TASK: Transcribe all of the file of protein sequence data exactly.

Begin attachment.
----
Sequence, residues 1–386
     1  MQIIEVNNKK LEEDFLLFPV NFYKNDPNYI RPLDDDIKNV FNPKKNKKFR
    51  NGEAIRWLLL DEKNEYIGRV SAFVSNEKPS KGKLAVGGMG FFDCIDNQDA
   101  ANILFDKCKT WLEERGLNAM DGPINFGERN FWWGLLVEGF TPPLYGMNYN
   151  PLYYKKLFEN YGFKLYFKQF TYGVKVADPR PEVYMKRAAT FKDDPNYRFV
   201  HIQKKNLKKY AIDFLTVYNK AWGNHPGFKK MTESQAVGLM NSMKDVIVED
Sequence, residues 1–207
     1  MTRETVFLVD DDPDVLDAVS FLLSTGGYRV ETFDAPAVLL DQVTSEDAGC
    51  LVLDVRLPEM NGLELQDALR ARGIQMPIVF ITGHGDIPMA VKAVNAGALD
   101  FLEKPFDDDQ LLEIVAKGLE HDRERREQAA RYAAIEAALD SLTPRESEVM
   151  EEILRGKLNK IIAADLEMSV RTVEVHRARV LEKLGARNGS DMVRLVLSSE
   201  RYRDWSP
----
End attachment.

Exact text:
Sequence, residues 1–386
     1  MQIIEVNNKK LEEDFLLFPV NFYKNDPNYI RPLDDDIKNV FNPKKNKKFR
    51  NGEAIRWLLL DEKNEYIGRV SAFVSNEKPS KGKLAVGGMG FFDCIDNQDA
   101  ANILFDKCKT WLEERGLNAM DGPINFGERN FWWGLLVEGF TPPLYGMNYN
   151  PLYYKKLFEN YGFKLYFKQF TYGVKVADPR PEVYMKRAAT FKDDPNYRFV
   201  HIQKKNLKKY AIDFLTVYNK AWGNHPGFKK MTESQAVGLM NSMKDVIVED
Sequence, residues 1–207
     1  MTRETVFLVD DDPDVLDAVS FLLSTGGYRV ETFDAPAVLL DQVTSEDAGC
    51  LVLDVRLPEM NGLELQDALR ARGIQMPIVF ITGHGDIPMA VKAVNAGALD
   101  FLEKPFDDDQ LLEIVAKGLE HDRERREQAA RYAAIEAALD SLTPRESEVM
   151  EEILRGKLNK IIAADLEMSV RTVEVHRARV LEKLGARNGS DMVRLVLSSE
   201  RYRDWSP